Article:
God and I gather speed as we cruise back into the thick of it. I think to myself, it’s probably after 3 already, but I check my watch. It’s nearly 5. Too many young people smile at me. Newer model cars zip by. My brakes squeak, and my resolve weakens, but I find solace in the alleys. Discarded grace, throw rugs, pottery, and a pile of sticks for firewood.

God hops off. A thousand wings begin designing the sunset dipping liberally into orange and magenta. I strap the rugs and pottery on my bike, drape the grace around my shoulders, and make a mental note to pick up the firewood later. I wonder if I’ll remember. I wonder if it matters. I wonder whose elongated evening shadow is peddling ahead of me. It’s vaguely familiar, but God is right; I’m not what I remember.

Nothing Happens for a Reason Other Than the Happening Itself

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“God,” I said. “Are you into cause and effect at all?”
“Hmmm?” God said, raising her eyes from the screen, her fingers politely pausing above her keyboard.
“I mean, like for every action, is there an equal and opposite reaction in your way of seeing things? Do you define force as mass plus…”
“Acceleration?” God filled in the last word before I got to it and added, “Is this about that apple and Newton?”
“No,” I said. “I think it’s actually more about that apple and Eve.”
“Oh, that,” God said. “Pshaw.” It appeared she was done with the conversation.
“Wait,” I pleaded. “Could I get a straight answer before you dive back into your manuscript?”
God sighed and looked at me, fingers still poised to type.
“What I’d like to know is do things happen for a reason, and are you the force behind things happening, or do you just watch?” That last bit might have been said with a slightly nasty tone, but God didn’t rise to the bait. She put her hands in her lap and glanced at her fitbit.
“Want to do a few stairs while we talk?” I asked. She nodded.
As we climbed the first flight, she began. “Nothing happens for a reason other than the happening itself. You make the meaning. You create the reasons. If you create none, there are none.”
“Are you talking about me or the whole human race?” I asked.
“Both,” God said. “The raw material generated by being alive is food for the mind and soul. It exists only to be transformed into meaning. Sometimes individual. Sometimes shared.”
“But do we ever get it right?” I asked.
“Depends on what you mean by right and on who you ask,” God said, surprisingly patient.
“I’m asking you,” I said.
“I know,” God said. “A lot of people make that same mistake.”
So who are we supposed to ask?” I said, frustrated.
“Oh, you can ask but then don’t blame. And remember, you’re asking the me-in-you.”
“Um, God,” I said. “Sometimes it seems like you’ve forgotten who you are. Like you don’t want to face what you’ve put in motion, an experiment veering towards a bad outcome. I feel like you hide when the going gets rough.”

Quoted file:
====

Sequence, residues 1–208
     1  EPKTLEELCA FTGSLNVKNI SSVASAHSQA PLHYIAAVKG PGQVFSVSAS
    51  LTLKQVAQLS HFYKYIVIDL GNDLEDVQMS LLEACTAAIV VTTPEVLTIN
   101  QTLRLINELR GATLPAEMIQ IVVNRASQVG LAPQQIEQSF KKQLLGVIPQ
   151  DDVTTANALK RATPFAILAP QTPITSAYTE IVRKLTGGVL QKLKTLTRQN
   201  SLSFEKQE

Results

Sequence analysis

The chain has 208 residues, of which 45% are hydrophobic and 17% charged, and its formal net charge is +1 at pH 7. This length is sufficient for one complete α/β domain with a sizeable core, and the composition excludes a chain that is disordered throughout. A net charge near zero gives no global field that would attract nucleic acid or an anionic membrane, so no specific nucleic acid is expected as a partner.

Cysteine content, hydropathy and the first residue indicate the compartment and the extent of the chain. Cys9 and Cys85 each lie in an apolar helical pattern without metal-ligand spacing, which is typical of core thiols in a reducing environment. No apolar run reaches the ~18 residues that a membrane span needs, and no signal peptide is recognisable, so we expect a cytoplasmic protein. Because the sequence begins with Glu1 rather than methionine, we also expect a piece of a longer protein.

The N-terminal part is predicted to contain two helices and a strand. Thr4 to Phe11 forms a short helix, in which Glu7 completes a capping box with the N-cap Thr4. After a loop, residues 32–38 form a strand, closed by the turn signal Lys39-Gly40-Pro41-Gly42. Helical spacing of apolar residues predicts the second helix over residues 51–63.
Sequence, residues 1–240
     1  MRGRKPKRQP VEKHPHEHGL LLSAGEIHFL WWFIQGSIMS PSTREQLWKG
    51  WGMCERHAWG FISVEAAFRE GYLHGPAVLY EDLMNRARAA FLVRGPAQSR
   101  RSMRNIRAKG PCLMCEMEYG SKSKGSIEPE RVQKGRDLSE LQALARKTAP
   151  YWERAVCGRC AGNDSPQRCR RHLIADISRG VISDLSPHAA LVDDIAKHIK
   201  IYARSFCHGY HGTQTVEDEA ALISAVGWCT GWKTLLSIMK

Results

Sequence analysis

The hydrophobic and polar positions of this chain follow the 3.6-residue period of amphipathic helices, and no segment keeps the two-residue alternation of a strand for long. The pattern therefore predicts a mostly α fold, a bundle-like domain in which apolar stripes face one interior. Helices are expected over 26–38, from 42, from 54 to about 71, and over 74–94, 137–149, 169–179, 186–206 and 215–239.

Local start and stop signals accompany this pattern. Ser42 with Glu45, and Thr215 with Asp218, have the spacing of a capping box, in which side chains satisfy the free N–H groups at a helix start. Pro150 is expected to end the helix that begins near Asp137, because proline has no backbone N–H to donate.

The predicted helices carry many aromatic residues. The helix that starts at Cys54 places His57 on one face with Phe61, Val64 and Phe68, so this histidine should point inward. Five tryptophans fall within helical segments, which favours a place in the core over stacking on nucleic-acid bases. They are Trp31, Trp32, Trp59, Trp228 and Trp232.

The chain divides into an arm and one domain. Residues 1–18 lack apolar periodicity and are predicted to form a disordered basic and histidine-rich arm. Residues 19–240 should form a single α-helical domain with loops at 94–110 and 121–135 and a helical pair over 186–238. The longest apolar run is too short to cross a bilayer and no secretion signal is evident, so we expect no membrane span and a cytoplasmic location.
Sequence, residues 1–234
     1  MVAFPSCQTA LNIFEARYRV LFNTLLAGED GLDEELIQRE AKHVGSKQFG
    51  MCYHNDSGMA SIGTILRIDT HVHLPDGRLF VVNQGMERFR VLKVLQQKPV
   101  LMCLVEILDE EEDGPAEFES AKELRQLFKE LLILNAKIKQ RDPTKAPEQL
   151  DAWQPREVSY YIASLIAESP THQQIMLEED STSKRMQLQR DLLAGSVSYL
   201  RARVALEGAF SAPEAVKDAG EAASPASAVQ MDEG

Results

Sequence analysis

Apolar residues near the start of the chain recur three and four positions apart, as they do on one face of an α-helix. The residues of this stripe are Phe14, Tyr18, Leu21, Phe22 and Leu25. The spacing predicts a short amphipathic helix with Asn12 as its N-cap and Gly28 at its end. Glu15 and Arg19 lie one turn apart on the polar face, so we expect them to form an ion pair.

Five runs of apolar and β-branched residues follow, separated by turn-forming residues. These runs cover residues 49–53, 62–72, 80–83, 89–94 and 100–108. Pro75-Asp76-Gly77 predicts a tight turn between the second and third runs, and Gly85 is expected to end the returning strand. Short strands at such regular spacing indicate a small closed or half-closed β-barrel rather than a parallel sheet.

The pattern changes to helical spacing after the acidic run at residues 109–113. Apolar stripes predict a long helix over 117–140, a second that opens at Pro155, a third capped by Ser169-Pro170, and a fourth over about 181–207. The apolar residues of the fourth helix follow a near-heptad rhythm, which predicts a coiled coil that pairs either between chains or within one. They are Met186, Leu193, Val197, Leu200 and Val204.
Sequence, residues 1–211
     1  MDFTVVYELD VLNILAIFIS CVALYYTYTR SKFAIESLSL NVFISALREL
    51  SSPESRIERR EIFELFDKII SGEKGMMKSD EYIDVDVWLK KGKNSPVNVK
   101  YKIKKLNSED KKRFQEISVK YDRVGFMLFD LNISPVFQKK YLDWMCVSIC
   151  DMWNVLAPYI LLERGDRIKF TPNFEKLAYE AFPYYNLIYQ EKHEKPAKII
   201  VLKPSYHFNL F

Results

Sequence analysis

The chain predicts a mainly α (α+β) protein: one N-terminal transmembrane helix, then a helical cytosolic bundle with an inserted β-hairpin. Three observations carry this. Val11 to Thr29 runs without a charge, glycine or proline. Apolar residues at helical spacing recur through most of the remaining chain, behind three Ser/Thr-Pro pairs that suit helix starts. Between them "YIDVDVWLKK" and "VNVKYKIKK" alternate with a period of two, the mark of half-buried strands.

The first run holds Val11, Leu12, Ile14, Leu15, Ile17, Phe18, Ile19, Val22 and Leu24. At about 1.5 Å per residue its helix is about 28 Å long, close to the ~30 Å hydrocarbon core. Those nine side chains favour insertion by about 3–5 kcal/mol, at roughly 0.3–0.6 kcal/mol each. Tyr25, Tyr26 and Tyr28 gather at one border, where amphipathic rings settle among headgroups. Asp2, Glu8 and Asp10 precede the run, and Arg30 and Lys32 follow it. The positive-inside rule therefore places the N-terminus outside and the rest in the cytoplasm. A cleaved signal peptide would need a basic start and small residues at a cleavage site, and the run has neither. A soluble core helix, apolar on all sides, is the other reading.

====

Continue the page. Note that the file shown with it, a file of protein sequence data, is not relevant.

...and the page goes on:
“Sorry you feel that way, bunchy-boo. But it just ain’t true.” God had gone from thoughtful to punchy. I gave her a push, and she rolled down the stairs momentarily acquiescing to the curvature of the space-time continuum.
“See?” she said as she picked herself up. “Now I’ll get more steps in.”
“You make me crazy,” I said.
“Nope,” God said. “You do that yourself.”
“Augh!” I said. “You make me sick.”
“Nope,” God said, eyes crinkled, stunningly luminous.
“You make me happy?” I said with a question mark, trying to get out of this loop.
God beamed and belted out, “You are my sunshine, my only sunshine, you make me happy when skies are gray.” She paused. “C’mon, bunchy-boo,” she said. “Sing with me. I’ve got a killer harmony worked out for this one.”

I Can Move the Iris

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A lot of people like autumn. I don’t. Sure, autumn lovers have their reasons, and I have mine. Not worth a debate, except maybe internally, as yet again, I find myself inspecting my belly button. “Why do you not like autumn, Rita?” I ask myself. “Too much death. Too many endings. Too much work. Things to put to bed. The threats. The oncoming winter,” I answer. But I’ve now distracted myself. The mention of belly button has flipped me out of my autumn reveries to my memories of my actual belly button. With both pregnancies, it popped out of its usual spiral, protruding like a small boy’s misplaced penis. No smooth, picturesque baby bump for me.

People conscious of appearances tried to shame me into wearing looser tunics or thicker tops. They suggested bandaids or an inner body wrap to push that thing back in. I resisted, trying to be comfortable with all aspects of the cataclysmic set of bodily accommodations entailed in pregnancy. Fake it ‘til you make it, right? Or as Popeye asserts, “I yam what I yam.” I didn’t pop my belly button out on purpose. It was just part of the process. But I remember the shame. Waves of shame for both my lack of perfection and my refusal to disguise that disappointing imperfection.

God and I frequently tangle around these issues. Pregnancy and childbirth; these are not walks in the park. Of course, neither are knee replacements, starvation, braces, kidney stones, or war. Some suffering is voluntary. Some suffering has a purpose, a desired outcome. But some suffering seems pointless and avoidable. And the little ones, the powerless ones, the poor—these always suffer first and most. These are God’s peeps. If God has gone missing, this is where you’ll find her, suffering alongside. I don’t like this. I like this far less than autumn. I could endure endless autumn if God would just step up and end the vast and unjust suffering of innocent, powerless people.

And of course, I just lied.

Two years ago, I planted the iris bulbs in an unfortunate location. The weeds and native grasses have completely overtaken them, giving me a daily view of negligence and defeat. I wasn’t thoughtful. I wasn’t perfect. I acted expediently instead of wisely. Oh God, I need to save one hungry child, one mangled family, one small patch of soil. I’ve got to get something right before I die. Please. I’m begging here. Please.

The arms of God are crossed. The eyes of God are piercing. The heart of God is coursing the blood of God through the arteries of my over-exposed existence. “You can move the iris bulbs,” she says. “This would be the time.”

As I mentioned, I don’t like autumn. It’s nearly too much for me.